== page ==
+ Hiking Tupper Lake is also just west of the high peaks region of the Adirondacks, offering some of the best hiking in the Northeast. Most of the hikes are a little too serious to tackle if you're spending part of your day at the Wild Center, but two good options lie between I-87 and Tupper lake: Cascade and Porter mountains are relatively quick hikes and common first climbs of the 46 high peaks. And Hurricane Mountain is an intermediate climb with spectacular 360-degree views of the surrounding mountains and Lake Placid, and even features a (defunct) fire tower.

+ Take a drive The winding roads of the Adirondacks are perfect for taking in the scenery from your car. Taking exit 30 from I-87 will bring you straight through Keene Valley with some of the most beautiful landscapes in New York, including dramatic mountains, cliff faces, and waterfalls. There are plenty of parking areas if you want to pull off for a picnic or just relax and enjoy the rest of a beautiful day. Route 30 south from Tupper Lake is the long way home but brings you through even more wonderful views dotted by small towns and villages that offer their own unique charms for the adventurous.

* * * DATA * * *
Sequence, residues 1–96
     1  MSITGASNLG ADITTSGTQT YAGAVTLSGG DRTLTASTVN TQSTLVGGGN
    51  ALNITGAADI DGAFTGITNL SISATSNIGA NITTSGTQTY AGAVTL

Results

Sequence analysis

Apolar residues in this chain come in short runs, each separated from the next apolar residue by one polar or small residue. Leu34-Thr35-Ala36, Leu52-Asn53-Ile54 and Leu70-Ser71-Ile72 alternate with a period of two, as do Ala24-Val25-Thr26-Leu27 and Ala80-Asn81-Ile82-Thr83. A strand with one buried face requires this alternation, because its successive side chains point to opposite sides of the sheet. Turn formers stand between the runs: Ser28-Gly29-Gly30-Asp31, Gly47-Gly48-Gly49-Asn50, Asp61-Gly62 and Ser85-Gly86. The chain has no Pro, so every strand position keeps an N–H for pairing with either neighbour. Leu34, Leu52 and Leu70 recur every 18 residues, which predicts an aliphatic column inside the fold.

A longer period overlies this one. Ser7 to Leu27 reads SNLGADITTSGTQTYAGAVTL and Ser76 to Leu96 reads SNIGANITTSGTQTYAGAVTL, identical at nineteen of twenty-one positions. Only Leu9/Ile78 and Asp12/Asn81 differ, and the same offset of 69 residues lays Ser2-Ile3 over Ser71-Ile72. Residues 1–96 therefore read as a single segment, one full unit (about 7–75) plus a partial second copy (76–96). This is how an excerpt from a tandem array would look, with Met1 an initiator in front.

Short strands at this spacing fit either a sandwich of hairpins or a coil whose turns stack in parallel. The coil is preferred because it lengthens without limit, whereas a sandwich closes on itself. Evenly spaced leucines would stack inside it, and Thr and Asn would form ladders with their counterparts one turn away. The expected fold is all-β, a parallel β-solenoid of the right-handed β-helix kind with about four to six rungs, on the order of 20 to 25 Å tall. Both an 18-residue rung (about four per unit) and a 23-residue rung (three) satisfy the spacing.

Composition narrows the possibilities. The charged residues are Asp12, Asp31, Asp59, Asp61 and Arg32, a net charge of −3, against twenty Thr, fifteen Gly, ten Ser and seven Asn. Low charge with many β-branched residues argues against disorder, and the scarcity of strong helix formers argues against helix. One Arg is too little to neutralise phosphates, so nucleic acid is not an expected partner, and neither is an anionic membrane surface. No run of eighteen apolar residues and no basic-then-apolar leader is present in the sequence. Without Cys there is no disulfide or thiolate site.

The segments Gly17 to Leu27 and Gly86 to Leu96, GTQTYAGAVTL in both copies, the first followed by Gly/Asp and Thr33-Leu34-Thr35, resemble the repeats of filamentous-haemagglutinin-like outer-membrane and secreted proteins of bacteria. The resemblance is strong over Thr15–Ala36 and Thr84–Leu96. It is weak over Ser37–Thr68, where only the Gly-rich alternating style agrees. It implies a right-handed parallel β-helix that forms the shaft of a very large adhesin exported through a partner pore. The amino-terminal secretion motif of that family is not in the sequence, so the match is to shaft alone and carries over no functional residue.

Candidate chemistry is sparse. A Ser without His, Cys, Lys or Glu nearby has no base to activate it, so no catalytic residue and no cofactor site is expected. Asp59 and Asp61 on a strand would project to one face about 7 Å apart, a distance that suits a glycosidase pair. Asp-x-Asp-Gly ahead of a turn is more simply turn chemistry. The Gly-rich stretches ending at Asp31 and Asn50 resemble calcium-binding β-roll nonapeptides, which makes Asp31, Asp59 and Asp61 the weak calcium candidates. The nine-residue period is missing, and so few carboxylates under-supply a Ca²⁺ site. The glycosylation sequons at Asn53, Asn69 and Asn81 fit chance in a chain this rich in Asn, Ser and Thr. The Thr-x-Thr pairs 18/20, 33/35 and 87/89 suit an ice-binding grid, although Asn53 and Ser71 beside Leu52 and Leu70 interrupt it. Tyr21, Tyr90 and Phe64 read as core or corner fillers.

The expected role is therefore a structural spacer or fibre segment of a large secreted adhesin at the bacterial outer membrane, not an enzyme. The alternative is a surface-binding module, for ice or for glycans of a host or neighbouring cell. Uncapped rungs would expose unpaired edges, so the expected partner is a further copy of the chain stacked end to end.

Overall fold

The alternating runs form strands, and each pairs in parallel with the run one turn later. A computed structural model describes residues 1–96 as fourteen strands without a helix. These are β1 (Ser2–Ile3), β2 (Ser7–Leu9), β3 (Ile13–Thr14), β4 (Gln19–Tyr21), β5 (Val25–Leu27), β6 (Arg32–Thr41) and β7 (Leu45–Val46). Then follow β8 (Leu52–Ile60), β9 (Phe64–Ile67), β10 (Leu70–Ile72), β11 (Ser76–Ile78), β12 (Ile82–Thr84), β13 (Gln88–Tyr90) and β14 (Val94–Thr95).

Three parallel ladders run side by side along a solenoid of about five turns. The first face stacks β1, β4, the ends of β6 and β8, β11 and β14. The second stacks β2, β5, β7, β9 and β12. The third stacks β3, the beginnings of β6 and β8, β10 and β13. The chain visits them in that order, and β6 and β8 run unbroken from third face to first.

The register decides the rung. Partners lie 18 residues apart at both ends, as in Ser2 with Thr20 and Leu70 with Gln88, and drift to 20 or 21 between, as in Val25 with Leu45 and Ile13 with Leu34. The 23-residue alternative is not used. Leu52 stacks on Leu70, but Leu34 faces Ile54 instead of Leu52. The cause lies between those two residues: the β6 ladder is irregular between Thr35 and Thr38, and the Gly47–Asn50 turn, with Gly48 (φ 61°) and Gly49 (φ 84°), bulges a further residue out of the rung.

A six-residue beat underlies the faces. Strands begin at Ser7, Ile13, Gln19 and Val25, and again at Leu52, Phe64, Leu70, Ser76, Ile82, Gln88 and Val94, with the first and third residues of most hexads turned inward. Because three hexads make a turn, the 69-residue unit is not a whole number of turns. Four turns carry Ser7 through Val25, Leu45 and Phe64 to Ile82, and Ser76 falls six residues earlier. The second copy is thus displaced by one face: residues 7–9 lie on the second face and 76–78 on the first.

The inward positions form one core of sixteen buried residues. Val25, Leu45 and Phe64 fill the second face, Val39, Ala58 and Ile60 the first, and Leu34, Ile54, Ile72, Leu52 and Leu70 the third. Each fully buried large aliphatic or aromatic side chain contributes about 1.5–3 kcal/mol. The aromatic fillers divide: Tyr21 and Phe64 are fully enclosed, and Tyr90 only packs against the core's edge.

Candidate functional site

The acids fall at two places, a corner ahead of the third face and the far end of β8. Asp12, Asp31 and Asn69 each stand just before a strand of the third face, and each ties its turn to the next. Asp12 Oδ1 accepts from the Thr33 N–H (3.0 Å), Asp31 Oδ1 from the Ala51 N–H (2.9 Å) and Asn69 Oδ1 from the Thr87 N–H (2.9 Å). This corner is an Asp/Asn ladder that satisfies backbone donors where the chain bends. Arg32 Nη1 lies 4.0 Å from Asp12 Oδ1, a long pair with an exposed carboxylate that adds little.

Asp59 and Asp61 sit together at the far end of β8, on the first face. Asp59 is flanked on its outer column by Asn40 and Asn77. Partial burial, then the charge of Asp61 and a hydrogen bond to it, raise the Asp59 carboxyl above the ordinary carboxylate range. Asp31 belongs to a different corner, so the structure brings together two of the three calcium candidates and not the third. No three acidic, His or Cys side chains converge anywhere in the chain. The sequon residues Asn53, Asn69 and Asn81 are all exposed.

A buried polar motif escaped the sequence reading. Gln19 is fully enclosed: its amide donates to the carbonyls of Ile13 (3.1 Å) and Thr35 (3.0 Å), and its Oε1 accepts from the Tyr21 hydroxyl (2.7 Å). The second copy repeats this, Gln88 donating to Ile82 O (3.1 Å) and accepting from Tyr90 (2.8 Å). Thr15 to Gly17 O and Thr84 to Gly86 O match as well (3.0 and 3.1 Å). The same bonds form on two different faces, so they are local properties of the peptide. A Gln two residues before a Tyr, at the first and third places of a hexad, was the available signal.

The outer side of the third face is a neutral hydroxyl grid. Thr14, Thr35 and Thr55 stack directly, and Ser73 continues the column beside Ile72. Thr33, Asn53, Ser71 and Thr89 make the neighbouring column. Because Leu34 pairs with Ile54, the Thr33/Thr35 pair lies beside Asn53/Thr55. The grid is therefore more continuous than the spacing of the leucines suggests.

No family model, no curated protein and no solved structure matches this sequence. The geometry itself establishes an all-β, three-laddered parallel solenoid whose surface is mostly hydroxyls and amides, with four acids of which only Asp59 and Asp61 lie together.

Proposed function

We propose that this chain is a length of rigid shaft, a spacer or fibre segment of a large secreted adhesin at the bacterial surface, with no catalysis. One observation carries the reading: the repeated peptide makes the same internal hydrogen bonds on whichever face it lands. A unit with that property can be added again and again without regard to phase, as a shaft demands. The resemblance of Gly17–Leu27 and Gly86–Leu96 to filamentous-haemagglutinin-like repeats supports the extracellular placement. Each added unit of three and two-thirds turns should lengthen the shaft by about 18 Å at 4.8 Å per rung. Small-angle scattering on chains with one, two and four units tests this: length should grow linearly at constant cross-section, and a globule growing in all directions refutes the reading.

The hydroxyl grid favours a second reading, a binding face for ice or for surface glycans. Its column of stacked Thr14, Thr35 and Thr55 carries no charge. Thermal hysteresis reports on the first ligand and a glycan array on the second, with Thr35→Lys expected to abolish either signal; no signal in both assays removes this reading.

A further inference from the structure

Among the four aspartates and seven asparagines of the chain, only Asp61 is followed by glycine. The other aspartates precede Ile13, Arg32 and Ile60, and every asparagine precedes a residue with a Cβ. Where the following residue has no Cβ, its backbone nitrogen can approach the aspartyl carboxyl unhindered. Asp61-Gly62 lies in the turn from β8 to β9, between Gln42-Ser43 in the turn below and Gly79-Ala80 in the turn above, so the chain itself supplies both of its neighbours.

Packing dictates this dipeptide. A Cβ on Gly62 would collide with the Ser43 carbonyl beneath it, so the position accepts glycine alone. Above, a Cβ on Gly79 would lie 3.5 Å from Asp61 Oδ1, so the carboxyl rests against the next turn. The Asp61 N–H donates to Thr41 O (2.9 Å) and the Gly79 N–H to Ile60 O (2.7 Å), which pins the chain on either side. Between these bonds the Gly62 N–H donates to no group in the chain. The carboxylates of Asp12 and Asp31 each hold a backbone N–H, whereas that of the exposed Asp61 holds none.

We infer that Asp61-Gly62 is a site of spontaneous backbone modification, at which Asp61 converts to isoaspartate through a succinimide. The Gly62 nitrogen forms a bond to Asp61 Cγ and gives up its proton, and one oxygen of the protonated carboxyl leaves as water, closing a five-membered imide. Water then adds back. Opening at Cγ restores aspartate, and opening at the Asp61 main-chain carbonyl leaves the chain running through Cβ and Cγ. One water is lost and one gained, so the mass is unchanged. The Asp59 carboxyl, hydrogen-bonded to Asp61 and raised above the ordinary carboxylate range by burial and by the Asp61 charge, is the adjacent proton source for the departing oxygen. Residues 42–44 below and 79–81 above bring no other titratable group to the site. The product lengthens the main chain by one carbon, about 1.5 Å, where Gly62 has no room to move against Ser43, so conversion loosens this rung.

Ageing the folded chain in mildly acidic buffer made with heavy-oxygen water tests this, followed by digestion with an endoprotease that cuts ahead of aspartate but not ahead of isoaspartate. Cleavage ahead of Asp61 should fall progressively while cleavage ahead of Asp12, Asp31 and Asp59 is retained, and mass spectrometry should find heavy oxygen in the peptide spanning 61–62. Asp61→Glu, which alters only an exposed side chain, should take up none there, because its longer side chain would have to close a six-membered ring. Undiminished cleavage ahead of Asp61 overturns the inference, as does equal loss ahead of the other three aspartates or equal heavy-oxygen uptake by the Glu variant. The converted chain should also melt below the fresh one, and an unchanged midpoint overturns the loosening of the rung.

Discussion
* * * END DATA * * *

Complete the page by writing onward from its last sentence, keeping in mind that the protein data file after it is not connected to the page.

A few details to keep in mind

Winter and spring hours for the Wild Center: Friday, Saturday, and Sunday from 10 am to 5 pm. Through the summer and fall the Center is open seven days a week, 10 am to 5 pm. (More details and holiday hours are on the center's website)

The Center is closed during April for exhibit installations.

Admission is $15 for adults, $13 for seniors, and $9 for youths 14 and under -- children 3 and under get in free. There are also group rates, and teachers should contact the center about educational tours.

Don't forget to say hi to the otters!

wild center otter 2

Find It

The Wild Center
45 Museum Drive
Tupper Lake, NY 12986

(518) 359-7800


Thank you for featuring The Wild Center! I made a point to visit it when I visited family in the area two summers ago and just loved it. So well set up, so much fun, educational, beautiful, and the otters! I could have stood there all day watching them. You can't be in a bad mood while watching otters frolic. It's an impossibility.